Singer-songwriter Lloyd Price, an early rock 'n' roll star and enduring maverick whose hits included such up-tempo favorites as "Lawdy Miss Clawdy," "Personality," and the semi-forbidden "Stagger Lee," has died. He was 88. Price died Monday in New Rochelle, New York, of complications from diabetes, said his wife, Jacqueline Price. Lloyd Price, inducted into the Rock and Roll Hall of Fame in 1998, was among the last survivors of a post-World War II scene in New Orleans that anticipated the shifts in popular music and culture leading to the rise of rock in the mid-1950s. Along with Fats Domino, David Bartholomew and others, Price fashioned a deep, exuberant sound around the brass and swing of New Orleans jazz and blues that placed high on R&B charts and eventually crossed over to white audiences. "Very important part of Rock history. He was BEFORE Little Richard!" singer and E Street Band member Steven Van Zandt said Saturday on Twitter. "Lawdy Miss Clawdy of 1952 has a legit claim as the first Rock hit. ... Righteous cat. Enormous talent."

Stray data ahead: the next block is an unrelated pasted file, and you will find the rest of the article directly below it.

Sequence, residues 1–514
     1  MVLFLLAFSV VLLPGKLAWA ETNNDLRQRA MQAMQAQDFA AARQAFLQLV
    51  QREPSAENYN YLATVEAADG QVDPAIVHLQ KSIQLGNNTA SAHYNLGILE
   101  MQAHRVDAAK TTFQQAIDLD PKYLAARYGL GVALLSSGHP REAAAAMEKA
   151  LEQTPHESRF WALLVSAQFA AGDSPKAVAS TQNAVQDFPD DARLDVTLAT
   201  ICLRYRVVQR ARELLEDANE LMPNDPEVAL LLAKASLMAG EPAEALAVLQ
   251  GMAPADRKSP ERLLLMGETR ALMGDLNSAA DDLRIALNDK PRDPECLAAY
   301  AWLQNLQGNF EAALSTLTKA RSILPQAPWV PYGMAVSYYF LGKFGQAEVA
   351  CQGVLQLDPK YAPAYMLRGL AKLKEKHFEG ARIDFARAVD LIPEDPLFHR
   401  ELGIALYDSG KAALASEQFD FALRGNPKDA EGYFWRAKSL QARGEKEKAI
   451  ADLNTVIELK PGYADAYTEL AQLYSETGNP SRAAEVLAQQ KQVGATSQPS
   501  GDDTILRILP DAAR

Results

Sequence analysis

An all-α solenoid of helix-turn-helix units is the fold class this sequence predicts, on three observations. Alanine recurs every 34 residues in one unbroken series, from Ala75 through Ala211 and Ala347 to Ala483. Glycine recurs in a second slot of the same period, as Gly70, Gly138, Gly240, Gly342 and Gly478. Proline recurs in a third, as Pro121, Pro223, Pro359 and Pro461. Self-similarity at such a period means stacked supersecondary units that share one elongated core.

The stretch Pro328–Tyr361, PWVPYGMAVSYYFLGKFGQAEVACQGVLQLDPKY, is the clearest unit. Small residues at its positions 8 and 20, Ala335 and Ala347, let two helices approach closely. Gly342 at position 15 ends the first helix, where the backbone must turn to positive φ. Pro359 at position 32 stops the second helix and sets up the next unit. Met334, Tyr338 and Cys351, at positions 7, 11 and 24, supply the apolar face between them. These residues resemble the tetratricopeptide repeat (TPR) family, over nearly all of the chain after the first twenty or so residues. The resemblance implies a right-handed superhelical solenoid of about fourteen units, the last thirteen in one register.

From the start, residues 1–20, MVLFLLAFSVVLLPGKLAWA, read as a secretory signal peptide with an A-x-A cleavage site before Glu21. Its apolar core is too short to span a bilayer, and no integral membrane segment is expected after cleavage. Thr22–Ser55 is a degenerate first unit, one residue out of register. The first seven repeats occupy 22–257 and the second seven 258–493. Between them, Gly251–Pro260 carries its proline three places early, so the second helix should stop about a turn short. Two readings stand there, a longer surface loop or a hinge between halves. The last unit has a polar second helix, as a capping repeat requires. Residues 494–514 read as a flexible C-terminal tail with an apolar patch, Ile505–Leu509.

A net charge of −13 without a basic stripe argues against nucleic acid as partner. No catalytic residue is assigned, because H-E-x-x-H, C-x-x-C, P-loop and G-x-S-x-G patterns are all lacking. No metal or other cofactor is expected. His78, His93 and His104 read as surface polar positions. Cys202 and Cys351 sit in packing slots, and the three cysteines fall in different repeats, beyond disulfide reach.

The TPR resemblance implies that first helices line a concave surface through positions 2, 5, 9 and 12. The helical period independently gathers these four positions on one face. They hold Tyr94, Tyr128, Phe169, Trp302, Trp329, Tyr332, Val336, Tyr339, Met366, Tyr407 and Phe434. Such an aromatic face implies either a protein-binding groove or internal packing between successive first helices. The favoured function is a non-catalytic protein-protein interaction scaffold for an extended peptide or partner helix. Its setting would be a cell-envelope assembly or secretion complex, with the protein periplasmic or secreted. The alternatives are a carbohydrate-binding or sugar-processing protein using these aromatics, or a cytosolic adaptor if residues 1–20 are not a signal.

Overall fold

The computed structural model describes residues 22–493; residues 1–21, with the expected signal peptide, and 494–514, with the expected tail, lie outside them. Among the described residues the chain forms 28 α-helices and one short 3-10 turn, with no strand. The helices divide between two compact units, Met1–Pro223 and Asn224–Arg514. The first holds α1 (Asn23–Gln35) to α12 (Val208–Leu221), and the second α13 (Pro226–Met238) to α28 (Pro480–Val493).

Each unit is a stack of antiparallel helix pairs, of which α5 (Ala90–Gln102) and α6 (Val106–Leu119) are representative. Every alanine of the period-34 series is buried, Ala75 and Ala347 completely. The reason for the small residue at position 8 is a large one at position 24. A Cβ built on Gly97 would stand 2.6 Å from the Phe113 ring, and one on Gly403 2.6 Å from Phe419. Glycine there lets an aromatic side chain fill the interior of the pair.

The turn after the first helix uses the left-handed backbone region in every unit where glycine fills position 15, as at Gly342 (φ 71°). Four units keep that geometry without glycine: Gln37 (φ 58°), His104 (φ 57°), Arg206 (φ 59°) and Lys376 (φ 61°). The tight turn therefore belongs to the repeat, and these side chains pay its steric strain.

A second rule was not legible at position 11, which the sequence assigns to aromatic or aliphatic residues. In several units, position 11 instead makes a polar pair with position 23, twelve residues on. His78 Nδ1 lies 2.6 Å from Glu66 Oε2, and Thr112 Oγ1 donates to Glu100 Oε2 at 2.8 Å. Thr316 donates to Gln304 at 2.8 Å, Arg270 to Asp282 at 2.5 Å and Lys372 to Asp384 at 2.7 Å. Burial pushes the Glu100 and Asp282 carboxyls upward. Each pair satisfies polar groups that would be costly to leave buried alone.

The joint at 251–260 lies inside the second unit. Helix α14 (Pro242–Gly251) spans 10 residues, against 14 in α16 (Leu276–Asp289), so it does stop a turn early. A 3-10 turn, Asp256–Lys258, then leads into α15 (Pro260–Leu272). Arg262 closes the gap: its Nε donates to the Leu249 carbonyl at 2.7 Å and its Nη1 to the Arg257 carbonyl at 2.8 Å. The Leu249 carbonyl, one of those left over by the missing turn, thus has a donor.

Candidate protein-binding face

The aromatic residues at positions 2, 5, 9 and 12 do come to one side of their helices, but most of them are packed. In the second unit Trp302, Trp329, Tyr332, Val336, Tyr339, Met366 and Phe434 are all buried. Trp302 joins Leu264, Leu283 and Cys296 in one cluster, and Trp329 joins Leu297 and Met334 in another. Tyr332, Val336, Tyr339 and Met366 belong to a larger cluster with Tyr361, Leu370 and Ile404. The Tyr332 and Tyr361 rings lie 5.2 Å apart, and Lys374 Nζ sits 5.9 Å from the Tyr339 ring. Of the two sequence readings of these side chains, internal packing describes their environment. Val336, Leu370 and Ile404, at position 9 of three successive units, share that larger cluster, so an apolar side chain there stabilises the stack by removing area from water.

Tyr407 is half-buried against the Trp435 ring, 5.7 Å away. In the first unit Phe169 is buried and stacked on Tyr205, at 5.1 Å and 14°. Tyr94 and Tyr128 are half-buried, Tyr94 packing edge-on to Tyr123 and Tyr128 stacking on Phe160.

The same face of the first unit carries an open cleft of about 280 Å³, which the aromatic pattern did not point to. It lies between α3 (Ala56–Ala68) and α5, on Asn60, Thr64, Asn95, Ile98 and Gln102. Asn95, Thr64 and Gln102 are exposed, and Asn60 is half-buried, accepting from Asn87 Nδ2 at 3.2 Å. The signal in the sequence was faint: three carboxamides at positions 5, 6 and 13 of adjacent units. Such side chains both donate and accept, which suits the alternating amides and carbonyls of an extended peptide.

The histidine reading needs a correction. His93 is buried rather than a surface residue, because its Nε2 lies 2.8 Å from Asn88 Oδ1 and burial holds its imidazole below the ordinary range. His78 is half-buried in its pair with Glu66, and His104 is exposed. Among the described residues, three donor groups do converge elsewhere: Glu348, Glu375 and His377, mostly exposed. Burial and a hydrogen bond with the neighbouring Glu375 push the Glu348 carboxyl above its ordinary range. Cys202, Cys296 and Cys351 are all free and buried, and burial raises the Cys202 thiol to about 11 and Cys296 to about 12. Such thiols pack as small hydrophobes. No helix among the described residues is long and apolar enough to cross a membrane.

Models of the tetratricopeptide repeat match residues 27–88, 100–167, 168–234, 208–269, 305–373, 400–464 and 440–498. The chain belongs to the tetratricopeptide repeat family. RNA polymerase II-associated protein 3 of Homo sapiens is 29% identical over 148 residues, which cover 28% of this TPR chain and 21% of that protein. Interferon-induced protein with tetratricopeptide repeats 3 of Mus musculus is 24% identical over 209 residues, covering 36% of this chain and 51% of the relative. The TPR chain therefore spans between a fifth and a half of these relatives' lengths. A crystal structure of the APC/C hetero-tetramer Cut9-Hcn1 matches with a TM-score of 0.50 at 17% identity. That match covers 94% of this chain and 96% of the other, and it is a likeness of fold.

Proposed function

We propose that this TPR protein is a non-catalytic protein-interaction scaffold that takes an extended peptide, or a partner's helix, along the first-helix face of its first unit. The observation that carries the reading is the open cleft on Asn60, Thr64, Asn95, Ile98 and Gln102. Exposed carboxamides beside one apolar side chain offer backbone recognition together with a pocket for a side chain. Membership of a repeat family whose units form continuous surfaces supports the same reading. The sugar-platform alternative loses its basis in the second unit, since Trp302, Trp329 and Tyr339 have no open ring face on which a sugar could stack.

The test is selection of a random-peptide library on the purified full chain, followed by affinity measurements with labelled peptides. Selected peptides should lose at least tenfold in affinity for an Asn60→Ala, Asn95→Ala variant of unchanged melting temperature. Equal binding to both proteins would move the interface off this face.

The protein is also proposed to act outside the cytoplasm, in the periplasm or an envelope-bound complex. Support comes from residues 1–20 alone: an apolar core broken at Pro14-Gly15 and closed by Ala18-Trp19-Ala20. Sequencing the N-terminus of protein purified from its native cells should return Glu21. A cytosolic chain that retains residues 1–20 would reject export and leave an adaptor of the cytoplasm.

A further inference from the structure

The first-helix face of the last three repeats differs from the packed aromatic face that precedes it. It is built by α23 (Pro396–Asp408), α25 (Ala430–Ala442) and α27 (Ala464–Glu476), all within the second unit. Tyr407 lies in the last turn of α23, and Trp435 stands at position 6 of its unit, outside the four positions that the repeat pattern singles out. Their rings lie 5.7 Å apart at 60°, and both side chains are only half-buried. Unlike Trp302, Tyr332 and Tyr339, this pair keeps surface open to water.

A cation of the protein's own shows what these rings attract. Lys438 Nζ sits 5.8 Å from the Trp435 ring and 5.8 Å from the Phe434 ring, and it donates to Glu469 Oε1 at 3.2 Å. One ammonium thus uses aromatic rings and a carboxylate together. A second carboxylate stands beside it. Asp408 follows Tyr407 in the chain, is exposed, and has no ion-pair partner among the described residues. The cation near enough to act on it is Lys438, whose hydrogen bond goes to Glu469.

Price was more than an engaging entertainer. He was unusually independent for his time, running his own record label before such stars as Frank Sinatra did the same, keeping his publishing rights, and serving as his own agent and manager. He spoke of racial injustices he endured, calling his memoir sumdumhonkey and posting online during the 2020 Black Lives Matter protests that behind his "affable exterior" was "a man who is seething." Born in Kenner, Louisiana, Price was in his late teens when a DJ's catchphrase, "Lawdy Miss Clawdy," inspired him to write his boundary-breaking first hit, which he worked on in his mother's fried fish restaurant. Featuring Domino's piano trills, "Lawdy Miss Clawdy" hit No. 1 on the R&B charts in 1952, sold more than 1 million copies and became a rock standard, covered by Elvis Presley and others. But Price had mixed feelings about the song's broad appeal, later recalling how local officials in the Jim Crow South resisted letting both blacks and whites attend his shows. Price was drafted and spent the mid-1950s in Korea. He restarted his career with the 1957 ballad "Just Because," and hit the top with his brassy, pop-oriented "Stagger Lee"—one of the catchiest, most celebratory songs ever recorded about a barroom murder.
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